Q: I’ve seen news reports about events in Old Fourth Ward. I’m wondering exactly where this area is? I have lived in the Atlanta area for over 30 years, but only heard of this name the past few years.
—Perry Birdsall, Covington
A: If you go to Old Third Ward and take a right, you can’t miss it. If you get to Old Fifth Ward, you’ve gone too far. It’s actually the remnants of the historic Fourth Ward political district that’s been revitalized into a popular residential area with new lofts, restaurants, galleries, shopping and nightlife, just east of downtown Atlanta. Old Fourth Ward – or O4W -- district begins at Piedmont Avenue on the west, extends north to Ponce de Leon Avenue and goes east until it reaches the neighborhoods of Poncey-Highland and Inman Park. Part of its southern boundary extends to Oakland Cemetery and the Grant Park and Cabbagetown areas, but it stops at its border with Sweet Auburn to the southwest. It was a popular area to live for both whites and blacks until the middle of the 20th century, when the whites moved out of the area and it began to decline. Old Fourth Ward included Buttermilk Bottom, a slum area that was torn down in the 1960s to make room for city projects. An initiative, called “2012: The Year of Boulevard” is focused on “improving public safety and quality of life” on Boulevard, a main thoroughfare with a bad reputation that runs from Ponce to DeKalb Avenue.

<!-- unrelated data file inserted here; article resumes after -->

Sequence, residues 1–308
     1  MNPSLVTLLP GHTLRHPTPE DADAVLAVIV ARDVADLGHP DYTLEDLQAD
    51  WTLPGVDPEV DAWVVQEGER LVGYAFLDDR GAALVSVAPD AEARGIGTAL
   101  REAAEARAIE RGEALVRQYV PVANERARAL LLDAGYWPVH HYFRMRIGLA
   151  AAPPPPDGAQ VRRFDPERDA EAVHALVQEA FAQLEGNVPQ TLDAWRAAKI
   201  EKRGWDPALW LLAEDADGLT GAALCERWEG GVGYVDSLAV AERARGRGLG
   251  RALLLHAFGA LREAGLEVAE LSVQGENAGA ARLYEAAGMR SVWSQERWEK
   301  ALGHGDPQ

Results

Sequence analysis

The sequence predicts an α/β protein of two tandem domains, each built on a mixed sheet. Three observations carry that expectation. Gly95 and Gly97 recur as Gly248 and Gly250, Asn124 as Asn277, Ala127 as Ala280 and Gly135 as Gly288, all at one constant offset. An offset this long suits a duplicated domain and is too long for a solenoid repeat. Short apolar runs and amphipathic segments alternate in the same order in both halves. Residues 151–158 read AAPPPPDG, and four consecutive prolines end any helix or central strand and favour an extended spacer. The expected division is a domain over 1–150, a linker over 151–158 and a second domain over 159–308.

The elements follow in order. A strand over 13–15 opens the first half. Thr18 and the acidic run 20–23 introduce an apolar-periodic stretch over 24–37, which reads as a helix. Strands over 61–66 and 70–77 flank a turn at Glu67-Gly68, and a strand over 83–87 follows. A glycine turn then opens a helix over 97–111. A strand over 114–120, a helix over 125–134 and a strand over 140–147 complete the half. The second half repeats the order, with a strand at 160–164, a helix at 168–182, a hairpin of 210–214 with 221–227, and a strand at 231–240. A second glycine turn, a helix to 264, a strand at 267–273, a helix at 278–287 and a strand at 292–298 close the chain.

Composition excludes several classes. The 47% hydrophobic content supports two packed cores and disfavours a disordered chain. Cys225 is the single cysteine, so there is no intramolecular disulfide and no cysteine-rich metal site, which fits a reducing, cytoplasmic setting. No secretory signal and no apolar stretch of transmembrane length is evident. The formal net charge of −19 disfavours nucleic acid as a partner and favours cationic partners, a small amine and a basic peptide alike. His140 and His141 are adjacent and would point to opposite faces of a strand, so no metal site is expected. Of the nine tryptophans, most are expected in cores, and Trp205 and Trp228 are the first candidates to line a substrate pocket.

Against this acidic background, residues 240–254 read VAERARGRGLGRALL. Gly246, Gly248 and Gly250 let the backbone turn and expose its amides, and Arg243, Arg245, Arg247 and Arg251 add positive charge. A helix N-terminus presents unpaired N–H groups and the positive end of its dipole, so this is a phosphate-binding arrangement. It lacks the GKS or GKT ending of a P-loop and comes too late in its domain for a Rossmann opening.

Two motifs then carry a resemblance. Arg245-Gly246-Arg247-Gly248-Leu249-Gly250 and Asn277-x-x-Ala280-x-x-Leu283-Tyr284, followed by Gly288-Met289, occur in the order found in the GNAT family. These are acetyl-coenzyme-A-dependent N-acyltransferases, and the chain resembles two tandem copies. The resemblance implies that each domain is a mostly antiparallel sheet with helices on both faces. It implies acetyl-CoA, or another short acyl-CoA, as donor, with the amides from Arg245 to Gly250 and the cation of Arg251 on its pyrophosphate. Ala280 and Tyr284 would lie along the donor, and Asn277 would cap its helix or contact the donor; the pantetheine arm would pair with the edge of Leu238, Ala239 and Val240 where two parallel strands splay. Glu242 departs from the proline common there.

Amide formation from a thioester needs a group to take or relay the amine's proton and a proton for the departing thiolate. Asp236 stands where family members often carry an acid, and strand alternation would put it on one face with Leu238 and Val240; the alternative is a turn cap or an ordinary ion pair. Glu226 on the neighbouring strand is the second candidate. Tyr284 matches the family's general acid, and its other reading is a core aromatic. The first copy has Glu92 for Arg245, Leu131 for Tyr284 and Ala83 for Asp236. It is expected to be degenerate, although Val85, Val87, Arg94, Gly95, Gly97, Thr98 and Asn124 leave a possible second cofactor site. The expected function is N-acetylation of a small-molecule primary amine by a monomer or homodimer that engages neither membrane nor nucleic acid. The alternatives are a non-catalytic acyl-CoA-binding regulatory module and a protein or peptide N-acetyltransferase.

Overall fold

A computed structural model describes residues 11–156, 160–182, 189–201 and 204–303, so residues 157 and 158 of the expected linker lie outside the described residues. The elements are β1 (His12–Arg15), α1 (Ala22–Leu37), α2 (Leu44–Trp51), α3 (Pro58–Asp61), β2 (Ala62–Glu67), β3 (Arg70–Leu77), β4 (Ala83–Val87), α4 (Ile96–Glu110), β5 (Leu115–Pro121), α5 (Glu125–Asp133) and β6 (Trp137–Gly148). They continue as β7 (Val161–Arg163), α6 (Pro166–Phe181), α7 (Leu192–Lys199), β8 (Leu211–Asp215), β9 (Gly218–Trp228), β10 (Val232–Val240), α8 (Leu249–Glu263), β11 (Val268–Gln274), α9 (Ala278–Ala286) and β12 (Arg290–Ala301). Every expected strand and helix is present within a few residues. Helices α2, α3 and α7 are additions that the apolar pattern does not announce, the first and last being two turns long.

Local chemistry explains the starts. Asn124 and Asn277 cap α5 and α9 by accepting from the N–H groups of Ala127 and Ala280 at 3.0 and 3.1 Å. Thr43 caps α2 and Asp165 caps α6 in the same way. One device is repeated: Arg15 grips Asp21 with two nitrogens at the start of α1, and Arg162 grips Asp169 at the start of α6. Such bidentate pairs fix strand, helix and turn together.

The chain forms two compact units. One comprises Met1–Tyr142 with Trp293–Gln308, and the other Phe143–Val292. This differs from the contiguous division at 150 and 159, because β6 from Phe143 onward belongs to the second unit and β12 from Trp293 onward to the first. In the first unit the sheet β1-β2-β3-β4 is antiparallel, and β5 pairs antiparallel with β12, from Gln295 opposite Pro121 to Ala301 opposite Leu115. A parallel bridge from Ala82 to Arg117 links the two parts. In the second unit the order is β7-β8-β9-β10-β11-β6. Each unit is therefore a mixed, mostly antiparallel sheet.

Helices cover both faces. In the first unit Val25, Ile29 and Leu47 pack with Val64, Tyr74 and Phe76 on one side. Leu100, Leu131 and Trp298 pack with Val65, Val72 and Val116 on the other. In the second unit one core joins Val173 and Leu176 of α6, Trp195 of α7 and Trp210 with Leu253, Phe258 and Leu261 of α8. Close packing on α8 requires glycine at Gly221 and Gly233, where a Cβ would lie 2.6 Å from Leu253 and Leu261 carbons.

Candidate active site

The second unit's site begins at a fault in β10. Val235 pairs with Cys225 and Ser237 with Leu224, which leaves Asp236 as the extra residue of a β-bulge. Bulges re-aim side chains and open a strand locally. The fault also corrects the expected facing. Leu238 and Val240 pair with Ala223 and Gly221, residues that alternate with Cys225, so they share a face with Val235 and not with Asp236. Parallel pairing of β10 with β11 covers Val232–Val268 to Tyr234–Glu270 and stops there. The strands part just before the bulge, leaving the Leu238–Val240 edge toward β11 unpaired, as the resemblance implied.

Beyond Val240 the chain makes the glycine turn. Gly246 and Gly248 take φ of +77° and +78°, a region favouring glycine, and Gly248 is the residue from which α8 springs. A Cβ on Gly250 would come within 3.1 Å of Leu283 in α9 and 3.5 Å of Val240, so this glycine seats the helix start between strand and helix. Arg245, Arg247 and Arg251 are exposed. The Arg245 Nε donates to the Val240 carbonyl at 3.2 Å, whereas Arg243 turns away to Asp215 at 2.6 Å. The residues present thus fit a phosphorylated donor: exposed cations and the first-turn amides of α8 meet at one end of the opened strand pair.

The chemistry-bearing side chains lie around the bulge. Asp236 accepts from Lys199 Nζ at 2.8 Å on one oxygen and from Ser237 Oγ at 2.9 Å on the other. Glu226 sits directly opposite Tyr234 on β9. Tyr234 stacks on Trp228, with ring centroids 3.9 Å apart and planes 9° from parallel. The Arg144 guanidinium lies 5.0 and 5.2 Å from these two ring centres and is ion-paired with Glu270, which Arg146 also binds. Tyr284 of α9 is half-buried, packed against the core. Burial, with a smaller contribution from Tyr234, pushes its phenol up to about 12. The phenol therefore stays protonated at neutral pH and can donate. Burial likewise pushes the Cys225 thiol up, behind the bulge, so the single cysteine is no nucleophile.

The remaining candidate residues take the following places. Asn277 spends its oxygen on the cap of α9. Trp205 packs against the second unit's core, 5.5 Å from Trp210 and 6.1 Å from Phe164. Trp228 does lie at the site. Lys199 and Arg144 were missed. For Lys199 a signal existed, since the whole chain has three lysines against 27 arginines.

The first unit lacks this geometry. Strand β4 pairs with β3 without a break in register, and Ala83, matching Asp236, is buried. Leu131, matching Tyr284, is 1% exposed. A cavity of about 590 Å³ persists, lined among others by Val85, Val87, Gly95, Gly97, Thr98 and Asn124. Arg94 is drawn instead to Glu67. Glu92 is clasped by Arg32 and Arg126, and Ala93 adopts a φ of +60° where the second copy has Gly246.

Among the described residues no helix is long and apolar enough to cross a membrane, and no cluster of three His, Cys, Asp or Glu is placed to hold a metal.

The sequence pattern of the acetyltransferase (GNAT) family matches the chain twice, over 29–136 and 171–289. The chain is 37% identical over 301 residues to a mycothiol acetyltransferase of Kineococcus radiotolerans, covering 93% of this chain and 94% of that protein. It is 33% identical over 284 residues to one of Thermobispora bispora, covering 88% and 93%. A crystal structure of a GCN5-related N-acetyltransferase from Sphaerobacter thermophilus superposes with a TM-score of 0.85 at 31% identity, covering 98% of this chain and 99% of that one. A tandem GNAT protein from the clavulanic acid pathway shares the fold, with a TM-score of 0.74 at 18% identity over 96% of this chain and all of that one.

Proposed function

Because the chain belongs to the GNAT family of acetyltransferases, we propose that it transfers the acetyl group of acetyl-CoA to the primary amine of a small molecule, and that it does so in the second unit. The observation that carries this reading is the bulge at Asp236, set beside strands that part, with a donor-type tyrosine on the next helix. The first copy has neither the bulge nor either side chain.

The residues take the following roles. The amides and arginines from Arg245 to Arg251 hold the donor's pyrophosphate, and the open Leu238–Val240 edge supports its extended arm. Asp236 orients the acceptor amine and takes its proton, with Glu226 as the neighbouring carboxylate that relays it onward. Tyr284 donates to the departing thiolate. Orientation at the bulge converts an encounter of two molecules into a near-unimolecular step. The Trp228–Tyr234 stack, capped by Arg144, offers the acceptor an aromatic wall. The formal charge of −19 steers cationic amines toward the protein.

Q: I remember a case in the 1980s involving a local personality who was allegedly murdered by her husband. I believe his name was Hans Krause. Was there any resolution to that case, and if so, what was it?
—David Manecke, Mableton
A: There was never enough evidence to try Krause in criminal court, but in July 1991, a DeKalb County Superior Court jury “determined that it was probable” he strangled his wife Connie Vance Krause and hid her body in the trunk of her car, according to newspaper articles. It was believed to be the first time in Georgia that a person was held accountable for a murder without being charged with a crime. The civil suit determined that Krause couldn’t receive his wife’s insurance benefits and allowed the Vance family to receive it and other items from her estate, according to newspaper articles. Krause exhausted his appeals by 1993. Connie Vance Krause had been a TV news personality, but was working in public relations for an accounting firm at the time of her death in 1989. The Krauses worked together at WJBF-TV in Augusta in the 1980s before moving to Atlanta.
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